KOV’s very simple method of just using self tapping screws is a good way to do it if you trust self tapping screws. It is quick & simple. I probably would not use rivnuts everywhere when I build van #2. If self tappers hold up over time, using rivnuts is a lot of work for possibly a marginal gain. KOV has build 20 vans so if self tappers are good enough, he should know.

I am very much interested in Keeping It Simple (Although it may not seem like it).


plastic sheet hole transfer “technique“ Using 6mil poly
67355
 

·
Registered
2014 136” HR
Joined
·
7,463 Posts
When I started my build in early 2015, Sprinter Forum was my primary source of info. I was fortunate that at least there, as here, ideas and procedures were discussed instead of just put out as fact, as on YouTube.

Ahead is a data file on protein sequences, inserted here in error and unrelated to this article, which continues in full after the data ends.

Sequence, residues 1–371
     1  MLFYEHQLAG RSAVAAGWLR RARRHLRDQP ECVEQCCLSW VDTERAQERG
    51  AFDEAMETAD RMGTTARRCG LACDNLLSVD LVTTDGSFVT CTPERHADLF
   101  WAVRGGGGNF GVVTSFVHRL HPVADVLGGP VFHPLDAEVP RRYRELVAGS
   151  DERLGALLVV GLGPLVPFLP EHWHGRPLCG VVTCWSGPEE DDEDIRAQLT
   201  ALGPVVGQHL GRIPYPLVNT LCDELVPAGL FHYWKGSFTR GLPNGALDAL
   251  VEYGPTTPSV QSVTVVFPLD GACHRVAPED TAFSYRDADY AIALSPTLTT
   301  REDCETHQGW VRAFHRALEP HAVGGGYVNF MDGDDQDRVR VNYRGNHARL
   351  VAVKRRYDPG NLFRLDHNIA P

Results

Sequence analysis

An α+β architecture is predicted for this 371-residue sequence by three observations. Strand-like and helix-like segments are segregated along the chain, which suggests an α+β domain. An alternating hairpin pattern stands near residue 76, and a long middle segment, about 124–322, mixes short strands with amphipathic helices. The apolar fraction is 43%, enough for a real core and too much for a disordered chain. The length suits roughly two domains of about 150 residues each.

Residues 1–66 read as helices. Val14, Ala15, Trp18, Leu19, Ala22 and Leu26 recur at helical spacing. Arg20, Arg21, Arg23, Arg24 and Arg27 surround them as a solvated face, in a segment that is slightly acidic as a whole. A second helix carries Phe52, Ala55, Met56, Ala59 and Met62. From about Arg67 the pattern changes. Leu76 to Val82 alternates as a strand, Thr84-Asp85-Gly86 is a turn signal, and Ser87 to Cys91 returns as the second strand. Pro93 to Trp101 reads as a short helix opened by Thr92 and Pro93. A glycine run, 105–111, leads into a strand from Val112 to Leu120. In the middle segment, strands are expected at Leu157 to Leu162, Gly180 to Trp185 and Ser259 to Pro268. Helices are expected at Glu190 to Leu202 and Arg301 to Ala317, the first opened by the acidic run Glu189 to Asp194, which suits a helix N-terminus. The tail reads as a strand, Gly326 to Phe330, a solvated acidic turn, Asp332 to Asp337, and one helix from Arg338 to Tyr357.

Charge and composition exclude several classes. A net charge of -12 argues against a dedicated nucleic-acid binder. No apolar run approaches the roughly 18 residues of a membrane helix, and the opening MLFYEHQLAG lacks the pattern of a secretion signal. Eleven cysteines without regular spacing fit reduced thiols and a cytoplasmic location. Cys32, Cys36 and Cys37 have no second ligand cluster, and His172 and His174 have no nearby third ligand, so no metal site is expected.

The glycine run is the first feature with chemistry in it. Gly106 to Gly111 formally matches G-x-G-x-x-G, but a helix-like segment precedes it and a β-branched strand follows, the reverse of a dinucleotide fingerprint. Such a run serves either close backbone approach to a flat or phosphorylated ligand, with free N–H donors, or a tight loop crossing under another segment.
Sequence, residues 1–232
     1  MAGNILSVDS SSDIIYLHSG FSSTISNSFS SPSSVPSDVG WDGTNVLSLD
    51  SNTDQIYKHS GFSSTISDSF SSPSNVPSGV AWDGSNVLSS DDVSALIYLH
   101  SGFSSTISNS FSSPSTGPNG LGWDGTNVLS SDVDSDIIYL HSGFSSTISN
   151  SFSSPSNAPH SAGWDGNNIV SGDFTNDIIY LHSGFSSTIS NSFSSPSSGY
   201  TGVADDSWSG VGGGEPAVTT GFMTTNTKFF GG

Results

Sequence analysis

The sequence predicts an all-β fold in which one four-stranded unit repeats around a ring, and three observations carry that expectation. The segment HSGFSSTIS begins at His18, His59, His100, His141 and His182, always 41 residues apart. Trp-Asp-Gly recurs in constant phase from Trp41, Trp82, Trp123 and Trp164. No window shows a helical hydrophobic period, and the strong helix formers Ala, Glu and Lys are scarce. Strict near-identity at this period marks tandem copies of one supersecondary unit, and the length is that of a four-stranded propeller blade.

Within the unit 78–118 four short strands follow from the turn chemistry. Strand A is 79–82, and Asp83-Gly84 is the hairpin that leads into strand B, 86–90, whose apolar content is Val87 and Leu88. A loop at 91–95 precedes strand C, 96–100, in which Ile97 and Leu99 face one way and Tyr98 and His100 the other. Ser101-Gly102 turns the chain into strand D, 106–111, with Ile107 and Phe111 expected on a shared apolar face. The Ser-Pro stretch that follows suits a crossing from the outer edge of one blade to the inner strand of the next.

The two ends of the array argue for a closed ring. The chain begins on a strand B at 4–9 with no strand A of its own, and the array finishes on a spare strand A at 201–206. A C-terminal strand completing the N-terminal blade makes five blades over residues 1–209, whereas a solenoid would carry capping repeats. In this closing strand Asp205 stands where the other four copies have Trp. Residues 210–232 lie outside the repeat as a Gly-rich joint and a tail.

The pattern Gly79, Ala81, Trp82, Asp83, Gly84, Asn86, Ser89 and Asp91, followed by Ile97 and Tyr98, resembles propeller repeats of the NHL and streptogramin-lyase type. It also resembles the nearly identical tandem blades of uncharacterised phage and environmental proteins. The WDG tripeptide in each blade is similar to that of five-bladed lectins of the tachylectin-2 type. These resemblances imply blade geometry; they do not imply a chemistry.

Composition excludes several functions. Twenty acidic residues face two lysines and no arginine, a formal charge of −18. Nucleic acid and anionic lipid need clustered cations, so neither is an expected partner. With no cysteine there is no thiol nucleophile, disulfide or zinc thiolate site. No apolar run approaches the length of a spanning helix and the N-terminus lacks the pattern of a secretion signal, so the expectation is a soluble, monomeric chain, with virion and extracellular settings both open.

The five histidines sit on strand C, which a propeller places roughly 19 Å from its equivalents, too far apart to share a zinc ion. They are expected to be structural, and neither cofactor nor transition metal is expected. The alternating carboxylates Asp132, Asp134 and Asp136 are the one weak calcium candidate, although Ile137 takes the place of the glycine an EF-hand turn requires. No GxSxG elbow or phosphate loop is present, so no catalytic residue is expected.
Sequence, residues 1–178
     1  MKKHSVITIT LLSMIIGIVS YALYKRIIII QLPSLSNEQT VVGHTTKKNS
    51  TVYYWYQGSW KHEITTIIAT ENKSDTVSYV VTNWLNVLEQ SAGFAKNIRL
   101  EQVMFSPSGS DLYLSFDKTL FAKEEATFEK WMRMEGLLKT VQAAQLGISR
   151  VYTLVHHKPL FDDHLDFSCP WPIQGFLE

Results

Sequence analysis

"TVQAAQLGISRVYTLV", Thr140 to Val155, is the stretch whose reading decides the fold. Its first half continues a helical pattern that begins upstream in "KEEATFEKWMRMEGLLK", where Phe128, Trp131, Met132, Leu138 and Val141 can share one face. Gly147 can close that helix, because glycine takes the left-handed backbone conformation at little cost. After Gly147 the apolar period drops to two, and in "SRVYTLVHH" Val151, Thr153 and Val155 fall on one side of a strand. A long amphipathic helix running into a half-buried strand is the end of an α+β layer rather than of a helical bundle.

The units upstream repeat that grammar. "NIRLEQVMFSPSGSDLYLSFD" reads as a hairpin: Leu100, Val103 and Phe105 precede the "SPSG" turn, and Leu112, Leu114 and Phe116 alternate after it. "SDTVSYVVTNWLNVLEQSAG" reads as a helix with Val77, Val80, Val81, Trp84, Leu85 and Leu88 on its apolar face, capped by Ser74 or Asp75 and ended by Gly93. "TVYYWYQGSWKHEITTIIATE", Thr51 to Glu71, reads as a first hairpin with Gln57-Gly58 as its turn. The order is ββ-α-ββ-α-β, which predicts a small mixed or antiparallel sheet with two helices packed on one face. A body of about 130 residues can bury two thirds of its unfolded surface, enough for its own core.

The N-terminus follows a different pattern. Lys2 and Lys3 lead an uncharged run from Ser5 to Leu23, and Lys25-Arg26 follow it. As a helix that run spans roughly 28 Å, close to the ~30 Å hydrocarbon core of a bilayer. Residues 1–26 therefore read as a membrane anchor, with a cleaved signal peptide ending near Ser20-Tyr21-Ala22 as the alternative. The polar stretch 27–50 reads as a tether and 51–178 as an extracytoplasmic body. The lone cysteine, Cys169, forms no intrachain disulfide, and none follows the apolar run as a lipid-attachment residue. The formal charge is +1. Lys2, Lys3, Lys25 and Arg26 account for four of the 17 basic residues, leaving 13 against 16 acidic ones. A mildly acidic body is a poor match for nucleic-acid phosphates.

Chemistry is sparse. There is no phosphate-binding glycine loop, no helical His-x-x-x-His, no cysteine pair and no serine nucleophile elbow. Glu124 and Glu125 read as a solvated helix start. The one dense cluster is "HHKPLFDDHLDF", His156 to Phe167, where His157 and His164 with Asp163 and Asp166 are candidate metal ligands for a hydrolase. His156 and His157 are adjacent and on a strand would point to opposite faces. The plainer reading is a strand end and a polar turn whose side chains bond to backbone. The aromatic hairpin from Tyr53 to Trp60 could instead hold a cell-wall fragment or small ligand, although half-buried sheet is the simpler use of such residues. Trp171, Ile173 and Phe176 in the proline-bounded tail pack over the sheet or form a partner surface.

One of the first things I remember was "1/2” stainless steel screws." I even made a note so I wouldn’t forget. Sure enough, more than five years later, those tiny little screws are right where I put them.
 

·
Registered
2014-159 HR in CT
Joined
·
4,484 Posts
When I started building mine (2014), I decided that if I wanted to change anything, it had to be "take-apart-able". Plus if I built a dud, I could take it all out and sell the van as a work van!

So. I have lots & lots of rivnuts throughout.

In some spots, I attached a 1/4-20 rivnut to a fender washer and drilled 2 screw holes in the washer so I could screw the washer from behind to 3/4" plywood. That gave me a non-pull-outable threaded hole in the wood. Did that to attach some items to the 3/4" plywood walls.
 

·
Registered
Van #2 2021 EXT
Joined
·
5,207 Posts
Discussion Starter · #333 ·